Thursday, 18 July 2013

Interview with Dr Herman, Radiotherapy specialist in Oklahoma

Today I have an interview with Dr Herman. He is a specialist that treats both plantar fibromatosis and Dupuytren's with radiotherapy. I came across his name through a patient that I interviewed, it seems that from the interview he is more helpful in person than over e-mail however he has still given some insight into the treatment that he performs. He is also good at responding to e-mails and I guess it is hard to know how much details to go into when being asked these questions by e-mail as anyone could be asking them.

Dr Herman is a radiation oncologist trained at Stanford and a medical oncologist trained at the University of Arizona. He spent 4yrs as faculty at Arizona, 7 years at Harvard, Dana-Farber, 11 years at San Antonio, University of Texas, 7 years at University of Oklahoma. To see his current location on a map please click here.

1) How long having you been treating Plantar fibroma's (PF) and where are you based?

Mostly it has been palmar, but both since my time in San Antonio, Texas, about 15 years. Where and who I am is in the information above.

2) Roughly how many PF patients have you treated? 

 Probably about 10 of the about total 60 patients have had plantar fibromatosis.



3) How common do you think PF is in the USA? It is supposedly more common in males then females and has been linked to a family history of PF and Dupuytren's,  smoking, alcohol consumption and diabetes are these risk factors you see in your patients?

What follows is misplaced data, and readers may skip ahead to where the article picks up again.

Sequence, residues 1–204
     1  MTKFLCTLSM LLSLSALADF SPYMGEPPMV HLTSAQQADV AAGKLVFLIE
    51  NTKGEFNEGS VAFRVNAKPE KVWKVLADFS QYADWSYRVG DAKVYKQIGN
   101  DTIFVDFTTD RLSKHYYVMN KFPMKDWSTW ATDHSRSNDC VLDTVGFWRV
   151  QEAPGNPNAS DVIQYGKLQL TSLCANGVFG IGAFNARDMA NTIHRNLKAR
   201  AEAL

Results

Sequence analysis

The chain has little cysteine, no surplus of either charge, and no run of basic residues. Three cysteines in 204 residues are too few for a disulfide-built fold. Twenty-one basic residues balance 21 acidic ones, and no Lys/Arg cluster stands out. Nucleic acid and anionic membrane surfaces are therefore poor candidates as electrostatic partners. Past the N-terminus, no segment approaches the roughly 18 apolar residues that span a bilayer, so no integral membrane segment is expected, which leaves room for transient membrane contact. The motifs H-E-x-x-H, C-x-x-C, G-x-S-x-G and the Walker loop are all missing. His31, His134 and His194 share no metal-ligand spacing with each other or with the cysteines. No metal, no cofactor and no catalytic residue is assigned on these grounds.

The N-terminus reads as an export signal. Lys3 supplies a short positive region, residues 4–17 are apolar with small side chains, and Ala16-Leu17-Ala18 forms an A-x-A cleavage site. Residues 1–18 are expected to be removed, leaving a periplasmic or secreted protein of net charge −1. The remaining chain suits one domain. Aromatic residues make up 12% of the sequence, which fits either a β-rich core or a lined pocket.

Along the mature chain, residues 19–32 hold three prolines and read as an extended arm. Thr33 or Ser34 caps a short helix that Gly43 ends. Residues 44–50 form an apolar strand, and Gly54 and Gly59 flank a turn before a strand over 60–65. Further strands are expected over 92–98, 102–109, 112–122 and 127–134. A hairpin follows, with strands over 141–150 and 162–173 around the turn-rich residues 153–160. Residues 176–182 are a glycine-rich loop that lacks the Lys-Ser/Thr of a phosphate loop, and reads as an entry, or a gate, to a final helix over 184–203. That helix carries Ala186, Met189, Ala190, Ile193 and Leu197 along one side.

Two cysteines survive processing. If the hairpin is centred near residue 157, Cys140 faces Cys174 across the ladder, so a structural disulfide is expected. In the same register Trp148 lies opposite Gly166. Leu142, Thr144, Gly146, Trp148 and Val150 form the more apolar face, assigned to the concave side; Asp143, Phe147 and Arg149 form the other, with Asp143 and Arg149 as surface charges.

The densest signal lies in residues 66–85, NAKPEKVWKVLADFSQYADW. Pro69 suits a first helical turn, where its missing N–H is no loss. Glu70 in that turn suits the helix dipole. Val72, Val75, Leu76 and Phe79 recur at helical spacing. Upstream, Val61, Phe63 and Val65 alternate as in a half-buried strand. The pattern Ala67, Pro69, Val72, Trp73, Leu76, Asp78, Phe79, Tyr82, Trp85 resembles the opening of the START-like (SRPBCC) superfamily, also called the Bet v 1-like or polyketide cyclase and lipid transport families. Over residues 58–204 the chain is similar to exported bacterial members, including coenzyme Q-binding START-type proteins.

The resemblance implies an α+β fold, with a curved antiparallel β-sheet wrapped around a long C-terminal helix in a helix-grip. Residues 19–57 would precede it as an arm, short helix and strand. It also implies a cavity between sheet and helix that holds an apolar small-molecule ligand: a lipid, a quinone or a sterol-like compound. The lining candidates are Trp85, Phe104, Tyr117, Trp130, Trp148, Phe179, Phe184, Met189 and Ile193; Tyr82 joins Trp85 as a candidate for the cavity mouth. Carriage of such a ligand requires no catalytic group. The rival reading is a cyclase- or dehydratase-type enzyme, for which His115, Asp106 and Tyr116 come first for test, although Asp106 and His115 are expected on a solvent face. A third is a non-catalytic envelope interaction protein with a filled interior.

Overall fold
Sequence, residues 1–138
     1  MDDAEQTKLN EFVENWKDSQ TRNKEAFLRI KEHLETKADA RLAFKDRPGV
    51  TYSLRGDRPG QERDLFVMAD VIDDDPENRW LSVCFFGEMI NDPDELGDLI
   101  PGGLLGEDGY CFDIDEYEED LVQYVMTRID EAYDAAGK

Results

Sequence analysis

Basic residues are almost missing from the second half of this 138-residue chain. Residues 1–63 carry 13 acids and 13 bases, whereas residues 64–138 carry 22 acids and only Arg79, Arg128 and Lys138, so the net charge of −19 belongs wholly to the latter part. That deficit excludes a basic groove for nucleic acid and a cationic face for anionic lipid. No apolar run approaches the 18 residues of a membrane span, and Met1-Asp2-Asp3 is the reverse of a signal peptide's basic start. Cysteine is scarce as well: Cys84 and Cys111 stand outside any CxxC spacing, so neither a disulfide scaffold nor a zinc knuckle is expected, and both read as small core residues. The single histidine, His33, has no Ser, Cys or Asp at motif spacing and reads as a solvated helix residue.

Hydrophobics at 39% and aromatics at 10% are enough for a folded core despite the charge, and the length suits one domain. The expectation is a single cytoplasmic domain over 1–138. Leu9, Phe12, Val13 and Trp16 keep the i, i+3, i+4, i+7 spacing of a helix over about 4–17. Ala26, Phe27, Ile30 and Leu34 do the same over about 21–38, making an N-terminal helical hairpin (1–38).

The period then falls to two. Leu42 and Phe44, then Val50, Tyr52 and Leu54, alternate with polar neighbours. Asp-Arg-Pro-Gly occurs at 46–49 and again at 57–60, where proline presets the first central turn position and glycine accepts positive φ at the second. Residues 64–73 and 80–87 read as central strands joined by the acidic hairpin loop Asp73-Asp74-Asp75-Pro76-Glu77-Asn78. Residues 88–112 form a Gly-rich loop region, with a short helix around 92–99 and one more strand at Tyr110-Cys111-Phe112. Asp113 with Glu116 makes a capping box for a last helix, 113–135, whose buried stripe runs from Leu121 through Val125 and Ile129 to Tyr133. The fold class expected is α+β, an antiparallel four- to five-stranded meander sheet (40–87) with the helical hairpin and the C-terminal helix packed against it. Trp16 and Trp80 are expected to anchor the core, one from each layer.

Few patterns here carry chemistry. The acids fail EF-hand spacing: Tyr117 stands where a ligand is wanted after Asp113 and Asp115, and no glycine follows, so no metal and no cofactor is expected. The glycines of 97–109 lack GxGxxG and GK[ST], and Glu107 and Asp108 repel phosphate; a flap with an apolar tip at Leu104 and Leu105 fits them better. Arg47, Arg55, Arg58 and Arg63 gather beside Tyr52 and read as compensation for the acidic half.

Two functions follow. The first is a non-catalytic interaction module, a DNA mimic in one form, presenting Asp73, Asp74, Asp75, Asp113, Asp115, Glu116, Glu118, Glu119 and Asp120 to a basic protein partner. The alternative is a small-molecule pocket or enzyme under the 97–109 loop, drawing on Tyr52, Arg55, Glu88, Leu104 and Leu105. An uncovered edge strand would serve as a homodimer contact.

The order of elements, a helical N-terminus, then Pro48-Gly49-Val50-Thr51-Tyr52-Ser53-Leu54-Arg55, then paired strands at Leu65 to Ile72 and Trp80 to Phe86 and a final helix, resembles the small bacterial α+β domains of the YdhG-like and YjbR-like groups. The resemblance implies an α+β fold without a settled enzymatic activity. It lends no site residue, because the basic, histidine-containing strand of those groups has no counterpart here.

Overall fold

I could not say what the true incidence is, but, in my experience, the plantar patients present at a rate that is about 4 times less frequent than palmar patients. The factors you list are often touted as contributory, but I have not seen enough patients to gauge.


4) You treat with radiotherapy, what protocol do you use (dose, no of doses and gap between the treatment etc.) and what is the success rate on PF with radiotherapy? 

We use 300cGy fractions to a total of 2100cGY in 1 week, with two days being bid. My feeling is that, like palmar patients, control is achieved in over 90% of cases. (Note that this treatment  equates to have 7 lots of 3 gy, although this is different from most RT specialists  I have spoken to it is a known way of delivering the radiation to the lumps without having to do the second week, 2 days being bid means that they have double treatment that day with a 5 hours interval)


5) Why is radiotherapy a better course of action than other treatments such as surgery? 


Because the acute toxicities are minimal and I do not think it can make the condition worse as can surgery.

6) Generally speaking I have found that radiotherapy is not well known in the USA, why do you think this is?

The technique was developed in Germany, not here, and financial considerations come into play when private surgeons see patients and they often see these patients first. (And as I have seen from the other interviews I have done surgeons seem to be lacking in knowledge that RT exists, let alone that it is useful). 

7) Finally do you have any advice or other information that you would like to share with PF patients?


For radiation to work, patients must seek treatment before severe contracture is present, so do not procrastinate.